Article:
The circle of the year comes round. Our hemisphere tilts away from the sun. Green turns to gold. The nights grow long. The natural world lies sleeping. The season of giving thanks and being grateful for all the blessings we receive is upon us. As we give thanks, we have faith that the light will return, the bounty of the earth will be given to all, and freedom and justice will flow like a mighty stream. Join with others at WHUUF in communion as we give thanks for our blessings and remember we are not whole until all of our brothers and sisters sit with us as equals at the table of thanksgiving. We will break bread together in an ancient ritual of community and memory that is celebrated in many different traditions and many different ways.
Unitarian Universalism and WHUUF ourselves are at a turning point. For two-hundred years our denomination has been dominated by a trinity of errors: individualism, exceptionalism, and anti-authoritarianism. While this trinity may have served us well in the past it is leading to ineffectiveness and an inability to share our liberating message. We have created the iChurch where it is all about me, what UU can do for me the individual. Our future will be found in the Beloved Community, a community of justice, a religion and spirituality built on the promise of covenant. The three errors must be replaced by the three promises: generosity, pluralism, and imagination. We are at the turning point—will we turn toward the Beloved Community of the future or turn back to the iChurch.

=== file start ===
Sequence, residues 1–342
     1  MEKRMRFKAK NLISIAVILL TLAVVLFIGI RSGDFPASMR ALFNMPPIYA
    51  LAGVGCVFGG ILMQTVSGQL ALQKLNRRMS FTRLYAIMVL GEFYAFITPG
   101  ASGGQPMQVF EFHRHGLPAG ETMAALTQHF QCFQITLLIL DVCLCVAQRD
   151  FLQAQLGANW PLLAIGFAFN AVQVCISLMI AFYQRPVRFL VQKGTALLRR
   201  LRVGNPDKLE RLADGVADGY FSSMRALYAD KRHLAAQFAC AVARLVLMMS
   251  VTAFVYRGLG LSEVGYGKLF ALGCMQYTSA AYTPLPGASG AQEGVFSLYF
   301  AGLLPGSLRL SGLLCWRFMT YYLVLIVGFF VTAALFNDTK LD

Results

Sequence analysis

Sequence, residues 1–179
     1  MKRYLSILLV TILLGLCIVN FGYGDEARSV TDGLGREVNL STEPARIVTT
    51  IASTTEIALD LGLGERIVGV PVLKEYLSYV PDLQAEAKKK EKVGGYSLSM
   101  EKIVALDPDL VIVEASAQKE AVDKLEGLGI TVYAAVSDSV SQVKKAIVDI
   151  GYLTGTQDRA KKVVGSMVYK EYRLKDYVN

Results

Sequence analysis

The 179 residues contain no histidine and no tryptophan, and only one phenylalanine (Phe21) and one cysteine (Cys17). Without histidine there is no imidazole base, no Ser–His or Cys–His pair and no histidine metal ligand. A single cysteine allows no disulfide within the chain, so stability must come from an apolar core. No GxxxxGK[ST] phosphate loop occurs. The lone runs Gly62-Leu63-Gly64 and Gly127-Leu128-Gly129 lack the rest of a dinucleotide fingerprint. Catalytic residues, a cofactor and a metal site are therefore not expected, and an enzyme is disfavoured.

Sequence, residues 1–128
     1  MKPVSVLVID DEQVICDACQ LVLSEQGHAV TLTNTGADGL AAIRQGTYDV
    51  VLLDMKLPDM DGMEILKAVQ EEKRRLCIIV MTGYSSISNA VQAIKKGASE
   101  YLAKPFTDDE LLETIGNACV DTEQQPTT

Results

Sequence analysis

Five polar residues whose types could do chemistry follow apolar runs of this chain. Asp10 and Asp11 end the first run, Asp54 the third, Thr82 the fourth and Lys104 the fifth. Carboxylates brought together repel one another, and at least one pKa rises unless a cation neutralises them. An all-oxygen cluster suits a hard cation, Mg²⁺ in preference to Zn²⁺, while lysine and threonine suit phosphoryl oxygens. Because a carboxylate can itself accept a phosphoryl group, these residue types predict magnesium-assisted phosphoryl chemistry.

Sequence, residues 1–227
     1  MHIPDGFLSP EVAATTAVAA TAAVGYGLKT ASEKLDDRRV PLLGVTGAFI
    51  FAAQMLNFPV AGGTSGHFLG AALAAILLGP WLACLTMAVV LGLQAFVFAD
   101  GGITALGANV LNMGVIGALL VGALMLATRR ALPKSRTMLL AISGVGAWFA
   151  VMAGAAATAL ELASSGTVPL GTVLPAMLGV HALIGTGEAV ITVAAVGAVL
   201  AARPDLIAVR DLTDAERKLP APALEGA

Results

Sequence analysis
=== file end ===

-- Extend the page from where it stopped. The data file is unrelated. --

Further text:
Perhaps our most radical, controversial, countercultural message as UUs just may be our affirmation that each of us, every single, individual one of us is a part of an interdependent web of all existence. To make such an affirmation with full integrity suggests it is not “what’s in it for me?” but “what’s in it for…us?” Faced with an onslaught of attacks by the new administration on the interdependent web we must stay woke, but we must also show up. Join WHUUF member Patrick Neal in an exploration of what we can do now to resist the attacks on human and environmental rights.
This service is a celebration of Commitment Sunday, the start of our annual campaign of generosity. Join Patrick Neal and several members of our congregation in a conversation about why they are committed to WHUUF and give generously of their time, talents, and treasure. Giving is a spiritual experience that leads to transformations and each of these … Continued